Does it strain credibility that someone with an academic background in art history would be surprised by the three faces of Hecate, or need to research that motif? Is the “spirit” effect used to make Nicolodi’s spectral aura hilarious in its horribly Charmed-esque failure? Does the attempt to weld together a fairly disparate canon err a little too much on the side of contrivance? Is it weird that there’s a lingering shower scene of Asia, given that the director is her father? Do the witches who show up in Rome look like the lovechildren of Steven Spielberg’s interpretation of Lost Boys and the distinctly unmenacing vampires of the original Buffy the Vampire Slayer movie? Is there, perhaps, a little too much time spent training Sarah in her powers, given that she does very little in the way of magic and her ultimate triumph comes more from good hand-eye coordination than mysticism? Did I chuckle mirthlessly at the interview with Atias in which she talked about getting into the character of Lachrymarum, given that her entire “character” consists of being nude or nearly so while spouting ancient-sounding gibberish? The answer to all of these questions is “yes.” But did I thoroughly enjoy this movie? Also “yes.”

This movie is effectively creepy, pairing the psychological horror of a destabilizing and self-destructive society with the unhinged and violent imagery of a slasher, with some occult horror thrown in for good measure. Asia Argento turns in an absolutely dynamite performance, and looks gorgeous doing it, and her scenes with her mother are quietly beautiful despite the uncannily awful CGI–not the only bad CGI in the movie, but, to the movie’s credit, the effects are largely practical. The lighting and score are perfection, and the overall ambiance was reminiscent of Wes Craven’s work in the nineties like Scream and New Nightmare, with sumptuous visuals that play up earthtones in place of the vivid colors of Argento’s earlier work. Although the film seems to be rather widely reviled, it’s actually great–even perfect–in some places, and its weaker elements aren’t awful enough to weigh down the film as much as I expected.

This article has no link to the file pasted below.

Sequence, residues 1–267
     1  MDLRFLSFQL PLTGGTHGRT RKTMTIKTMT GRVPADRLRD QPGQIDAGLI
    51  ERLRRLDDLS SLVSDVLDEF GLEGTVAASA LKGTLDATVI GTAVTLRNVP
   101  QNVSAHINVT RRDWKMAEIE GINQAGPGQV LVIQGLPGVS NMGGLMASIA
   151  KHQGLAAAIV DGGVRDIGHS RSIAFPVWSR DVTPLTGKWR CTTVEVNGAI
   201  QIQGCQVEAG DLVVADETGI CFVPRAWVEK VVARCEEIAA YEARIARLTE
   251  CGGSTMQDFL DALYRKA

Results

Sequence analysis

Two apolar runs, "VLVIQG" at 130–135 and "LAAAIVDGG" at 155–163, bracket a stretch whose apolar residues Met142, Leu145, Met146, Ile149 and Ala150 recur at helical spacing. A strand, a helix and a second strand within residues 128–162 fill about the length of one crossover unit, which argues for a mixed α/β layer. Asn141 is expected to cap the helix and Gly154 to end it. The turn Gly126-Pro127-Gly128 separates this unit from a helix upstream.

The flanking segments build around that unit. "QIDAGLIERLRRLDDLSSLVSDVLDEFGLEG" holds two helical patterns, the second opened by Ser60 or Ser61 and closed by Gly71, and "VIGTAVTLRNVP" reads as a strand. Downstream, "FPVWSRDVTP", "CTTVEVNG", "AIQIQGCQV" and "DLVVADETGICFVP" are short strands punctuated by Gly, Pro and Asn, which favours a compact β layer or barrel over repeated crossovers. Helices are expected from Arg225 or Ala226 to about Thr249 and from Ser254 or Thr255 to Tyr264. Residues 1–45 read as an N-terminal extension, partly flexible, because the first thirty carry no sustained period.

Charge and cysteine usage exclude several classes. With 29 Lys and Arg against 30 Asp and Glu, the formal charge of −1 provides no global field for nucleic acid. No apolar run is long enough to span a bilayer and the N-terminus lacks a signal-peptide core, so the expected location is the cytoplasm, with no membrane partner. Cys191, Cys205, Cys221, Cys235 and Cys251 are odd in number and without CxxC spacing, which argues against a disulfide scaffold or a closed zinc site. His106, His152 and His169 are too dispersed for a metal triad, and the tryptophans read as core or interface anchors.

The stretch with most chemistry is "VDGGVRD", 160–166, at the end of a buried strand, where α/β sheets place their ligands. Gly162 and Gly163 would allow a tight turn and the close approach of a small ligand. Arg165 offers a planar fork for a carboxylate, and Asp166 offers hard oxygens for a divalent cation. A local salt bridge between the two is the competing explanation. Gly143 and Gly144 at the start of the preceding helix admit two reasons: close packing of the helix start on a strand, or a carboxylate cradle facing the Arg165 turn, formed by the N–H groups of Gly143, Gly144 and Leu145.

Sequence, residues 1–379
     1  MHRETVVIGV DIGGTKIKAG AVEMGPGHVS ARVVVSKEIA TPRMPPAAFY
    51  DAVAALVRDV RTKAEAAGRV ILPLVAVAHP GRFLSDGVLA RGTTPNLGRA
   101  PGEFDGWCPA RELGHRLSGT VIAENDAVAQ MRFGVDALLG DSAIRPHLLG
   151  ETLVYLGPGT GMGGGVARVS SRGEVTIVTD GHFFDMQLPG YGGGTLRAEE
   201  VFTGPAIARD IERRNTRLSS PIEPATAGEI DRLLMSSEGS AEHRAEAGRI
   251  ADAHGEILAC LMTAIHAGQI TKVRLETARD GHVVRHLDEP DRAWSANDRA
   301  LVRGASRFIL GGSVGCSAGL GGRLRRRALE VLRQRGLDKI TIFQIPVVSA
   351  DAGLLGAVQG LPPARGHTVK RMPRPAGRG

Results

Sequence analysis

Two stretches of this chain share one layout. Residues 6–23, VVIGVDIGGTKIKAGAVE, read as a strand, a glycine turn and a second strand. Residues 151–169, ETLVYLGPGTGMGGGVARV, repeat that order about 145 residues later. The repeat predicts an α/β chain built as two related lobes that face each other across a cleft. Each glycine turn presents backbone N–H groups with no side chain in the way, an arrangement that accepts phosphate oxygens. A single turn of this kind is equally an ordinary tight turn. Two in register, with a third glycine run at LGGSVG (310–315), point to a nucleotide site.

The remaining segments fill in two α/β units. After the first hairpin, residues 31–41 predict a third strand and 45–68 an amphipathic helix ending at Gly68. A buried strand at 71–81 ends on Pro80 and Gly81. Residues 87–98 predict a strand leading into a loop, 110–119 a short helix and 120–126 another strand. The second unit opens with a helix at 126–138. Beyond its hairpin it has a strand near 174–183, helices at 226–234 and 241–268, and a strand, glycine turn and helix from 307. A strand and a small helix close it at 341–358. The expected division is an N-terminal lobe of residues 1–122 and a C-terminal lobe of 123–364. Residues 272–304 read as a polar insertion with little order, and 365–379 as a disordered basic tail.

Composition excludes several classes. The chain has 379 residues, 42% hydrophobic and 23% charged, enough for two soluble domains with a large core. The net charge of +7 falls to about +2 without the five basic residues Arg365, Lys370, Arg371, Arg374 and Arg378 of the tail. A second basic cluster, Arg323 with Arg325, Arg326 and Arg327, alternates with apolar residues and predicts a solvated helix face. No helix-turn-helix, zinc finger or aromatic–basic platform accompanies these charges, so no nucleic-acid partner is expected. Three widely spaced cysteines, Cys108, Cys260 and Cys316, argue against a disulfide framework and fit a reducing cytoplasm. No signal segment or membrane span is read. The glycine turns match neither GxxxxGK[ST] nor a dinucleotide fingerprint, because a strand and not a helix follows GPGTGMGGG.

This was a hard one to grade, but I’m going to have to give it four stars–with the Camp Stamp as caveat, the first time I’ve done so for an Argento movie. Partially, that’s in deference to the more silly elements (mostly the roving gangs of cackling witches and the eminently mockable sequences of Lachrymarum’s catacombs and catwalk sermons), but it’s also an admission that I can’t give this movie an exorbitant rating based on its straightforward merits alone. So much of my feelings about it are informed by the Argento-Nicolodi clan’s interpersonal relationships offscreen and my fondness for Suspiria that I couldn’t have found it within me to dislike this movie, even if it had truly been as awful as I was led to believe. Give Mother of Tears a chance; go in with an open mind, and you’ll enjoy yourself.

-Mark “Boomer” Redmond